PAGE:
And then finally, we have the borrowers who are in these loans, they’re the majority. The people with FICOs over 760, that’s pretty good score. These are good borrowers who pay their bills. It’s three times what it’s been over the past decade. And the debt-to-income ratios have gone down over the past year as people were hunkered down at home, maybe they just weren’t spending as much, they weren’t going out as much and doing things. And plus getting stimulus checks and PPPs, there’s all this money that went to pay off debt. And then finally, the biggest thing is mother demographics, that’s the thing we’ve been following for 20 years is, where are people going? And who are these people? And what are they buying? And what’s their profile?
We know that we have the largest cohort of millennials, are 29 years old today. The first time home buyer age is 31. So even if millennials are delayed in their buying, which we’re not really seeing, maybe 32, 33 is the age, there are…. Let me see, I’ve got this stat here. It’s like 22 million, 24 million millennials that are between 25 and 30, and they’re just moving into wanting to buy a home. And then the people who are at that typical home-buying age, that’s 30 to 34, there’s another 22 million of them.
So there’s a lot of people that are doing pretty well, they’ve saved their money, they’ve got good FICOs and they’re going to be hunting for homes over the next few years.

Dave:
Well, first of all, we’re glad that you came on to give your opinion here because you just dropped so much great information for everyone, and there’s a lot I want touch on. But it seemed like a lot of what you were just describing is that you seem to think that the housing market is fundamentally sound and that we’re going to continue on this trajectory, or what’s your outlook over the next couple of months?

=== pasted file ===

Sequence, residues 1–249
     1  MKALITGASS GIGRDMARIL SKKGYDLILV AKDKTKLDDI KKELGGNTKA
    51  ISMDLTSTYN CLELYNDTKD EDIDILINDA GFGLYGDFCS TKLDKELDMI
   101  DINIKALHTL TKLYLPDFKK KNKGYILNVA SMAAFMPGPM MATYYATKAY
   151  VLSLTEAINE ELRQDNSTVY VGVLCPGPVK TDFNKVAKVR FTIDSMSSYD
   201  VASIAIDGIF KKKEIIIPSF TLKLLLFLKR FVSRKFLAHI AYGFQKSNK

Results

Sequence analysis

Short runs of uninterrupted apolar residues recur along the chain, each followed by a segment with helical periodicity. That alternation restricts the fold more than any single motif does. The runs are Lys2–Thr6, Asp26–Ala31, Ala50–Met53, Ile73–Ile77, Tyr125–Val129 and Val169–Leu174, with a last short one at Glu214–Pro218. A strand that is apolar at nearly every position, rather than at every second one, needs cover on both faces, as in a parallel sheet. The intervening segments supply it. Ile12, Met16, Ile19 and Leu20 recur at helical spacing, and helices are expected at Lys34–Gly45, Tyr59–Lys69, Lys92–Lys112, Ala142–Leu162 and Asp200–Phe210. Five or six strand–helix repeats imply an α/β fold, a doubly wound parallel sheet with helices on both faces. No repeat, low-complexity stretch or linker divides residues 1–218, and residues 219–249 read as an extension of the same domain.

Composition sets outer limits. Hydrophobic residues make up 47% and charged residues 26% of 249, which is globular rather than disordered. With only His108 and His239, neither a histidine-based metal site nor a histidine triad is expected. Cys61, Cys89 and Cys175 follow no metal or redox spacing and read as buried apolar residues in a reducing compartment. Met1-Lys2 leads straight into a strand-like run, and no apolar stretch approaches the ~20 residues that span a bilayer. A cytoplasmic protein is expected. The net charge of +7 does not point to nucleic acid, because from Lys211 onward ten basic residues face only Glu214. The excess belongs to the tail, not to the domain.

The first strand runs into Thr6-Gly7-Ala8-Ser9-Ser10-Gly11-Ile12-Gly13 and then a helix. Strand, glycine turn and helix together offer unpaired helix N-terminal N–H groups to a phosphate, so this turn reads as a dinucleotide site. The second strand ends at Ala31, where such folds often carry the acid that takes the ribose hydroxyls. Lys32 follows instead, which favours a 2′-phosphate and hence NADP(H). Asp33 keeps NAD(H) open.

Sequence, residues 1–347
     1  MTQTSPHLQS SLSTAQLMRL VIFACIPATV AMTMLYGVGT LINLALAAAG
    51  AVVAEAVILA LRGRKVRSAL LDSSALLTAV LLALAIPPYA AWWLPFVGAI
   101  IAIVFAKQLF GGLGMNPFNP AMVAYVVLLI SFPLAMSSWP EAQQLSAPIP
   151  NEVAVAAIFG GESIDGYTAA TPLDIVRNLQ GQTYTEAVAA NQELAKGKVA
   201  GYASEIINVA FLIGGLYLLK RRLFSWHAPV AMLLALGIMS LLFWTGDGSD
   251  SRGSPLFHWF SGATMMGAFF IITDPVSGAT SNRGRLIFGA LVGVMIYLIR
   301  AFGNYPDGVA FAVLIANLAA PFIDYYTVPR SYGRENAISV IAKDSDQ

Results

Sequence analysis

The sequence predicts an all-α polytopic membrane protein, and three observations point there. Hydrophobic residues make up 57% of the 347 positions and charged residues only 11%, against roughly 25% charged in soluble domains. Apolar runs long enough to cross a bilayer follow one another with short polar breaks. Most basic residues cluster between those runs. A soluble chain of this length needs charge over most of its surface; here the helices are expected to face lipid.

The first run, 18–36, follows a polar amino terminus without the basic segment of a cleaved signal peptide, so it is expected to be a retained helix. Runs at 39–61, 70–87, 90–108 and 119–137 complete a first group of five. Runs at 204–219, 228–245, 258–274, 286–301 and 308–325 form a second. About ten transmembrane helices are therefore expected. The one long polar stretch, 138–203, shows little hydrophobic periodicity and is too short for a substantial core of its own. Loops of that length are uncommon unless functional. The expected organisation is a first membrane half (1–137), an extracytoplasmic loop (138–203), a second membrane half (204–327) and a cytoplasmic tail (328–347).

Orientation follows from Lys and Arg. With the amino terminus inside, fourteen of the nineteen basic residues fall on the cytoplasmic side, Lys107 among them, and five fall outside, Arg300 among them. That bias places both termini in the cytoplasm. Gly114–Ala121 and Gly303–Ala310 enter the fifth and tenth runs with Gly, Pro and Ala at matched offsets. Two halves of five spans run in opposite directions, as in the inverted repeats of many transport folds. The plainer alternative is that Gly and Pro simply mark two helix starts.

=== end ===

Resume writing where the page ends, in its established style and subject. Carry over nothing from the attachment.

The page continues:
Kathy:
Yeah, my outlook is there are… The millennials have been given a bad rap for a long time, And I just kept saying these are-

Dave:
Thank you. That’s what I’ve been saying as a representative.

Kathy:
My hashtag is #millennials are people too. They’re just like me. They are going to get married and have babies and have dogs and they’re going to want to have a home and move out of the big city and have more space for the kids to run around, and that’s all happening. The difference is there’s just a lot more of them now and a lot more coming. And guess what? Millennials are as one, you already know this. I’m a little jealous, I wish I were a millennial. They’re the highest educated ever. The people today who are in their twenties have more access to information than the US government had when I was their age in the palm of their hands.
They’re brilliant, they’re smart, they’re well-educated, the most educated. And the ones who are educated can work from anywhere because they’re very educated in tech, they grew up with it, as opposed to the baby boomers who were just trying to figure out how to Zoom all year. So they can live anywhere. The stats are showing that the increase of people moving 25 miles plus outside of the city centers has grown substantially over this past year because they can work from home more, but they still might need to go to the office once or twice a week. So the suburbs that are 25 miles and further are booming because they weren’t so hot a little while ago, but now, that’s where we’re seeing this massive growth.